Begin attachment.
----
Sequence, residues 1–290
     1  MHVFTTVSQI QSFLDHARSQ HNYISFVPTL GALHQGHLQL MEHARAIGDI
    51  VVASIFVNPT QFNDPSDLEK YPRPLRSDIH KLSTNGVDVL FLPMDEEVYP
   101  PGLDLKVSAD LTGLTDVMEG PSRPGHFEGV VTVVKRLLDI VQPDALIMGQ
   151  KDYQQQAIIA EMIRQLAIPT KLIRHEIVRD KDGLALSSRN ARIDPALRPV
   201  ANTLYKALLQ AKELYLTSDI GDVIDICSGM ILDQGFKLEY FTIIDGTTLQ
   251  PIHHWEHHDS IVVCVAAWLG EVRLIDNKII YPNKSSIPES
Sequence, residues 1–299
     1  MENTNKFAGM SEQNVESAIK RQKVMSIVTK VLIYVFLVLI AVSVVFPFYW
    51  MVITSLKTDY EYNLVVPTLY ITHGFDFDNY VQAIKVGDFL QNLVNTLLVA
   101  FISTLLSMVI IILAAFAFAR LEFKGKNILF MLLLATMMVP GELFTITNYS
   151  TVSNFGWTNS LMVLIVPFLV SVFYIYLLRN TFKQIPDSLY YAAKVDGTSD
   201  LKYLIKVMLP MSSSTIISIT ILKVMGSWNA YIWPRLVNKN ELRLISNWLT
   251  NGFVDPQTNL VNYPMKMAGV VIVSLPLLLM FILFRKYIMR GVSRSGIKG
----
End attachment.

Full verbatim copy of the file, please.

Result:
Sequence, residues 1–290
     1  MHVFTTVSQI QSFLDHARSQ HNYISFVPTL GALHQGHLQL MEHARAIGDI
    51  VVASIFVNPT QFNDPSDLEK YPRPLRSDIH KLSTNGVDVL FLPMDEEVYP
   101  PGLDLKVSAD LTGLTDVMEG PSRPGHFEGV VTVVKRLLDI VQPDALIMGQ
   151  KDYQQQAIIA EMIRQLAIPT KLIRHEIVRD KDGLALSSRN ARIDPALRPV
   201  ANTLYKALLQ AKELYLTSDI GDVIDICSGM ILDQGFKLEY FTIIDGTTLQ
   251  PIHHWEHHDS IVVCVAAWLG EVRLIDNKII YPNKSSIPES
Sequence, residues 1–299
     1  MENTNKFAGM SEQNVESAIK RQKVMSIVTK VLIYVFLVLI AVSVVFPFYW
    51  MVITSLKTDY EYNLVVPTLY ITHGFDFDNY VQAIKVGDFL QNLVNTLLVA
   101  FISTLLSMVI IILAAFAFAR LEFKGKNILF MLLLATMMVP GELFTITNYS
   151  TVSNFGWTNS LMVLIVPFLV SVFYIYLLRN TFKQIPDSLY YAAKVDGTSD
   201  LKYLIKVMLP MSSSTIISIT ILKVMGSWNA YIWPRLVNKN ELRLISNWLT
   251  NGFVDPQTNL VNYPMKMAGV VIVSLPLLLM FILFRKYIMR GVSRSGIKG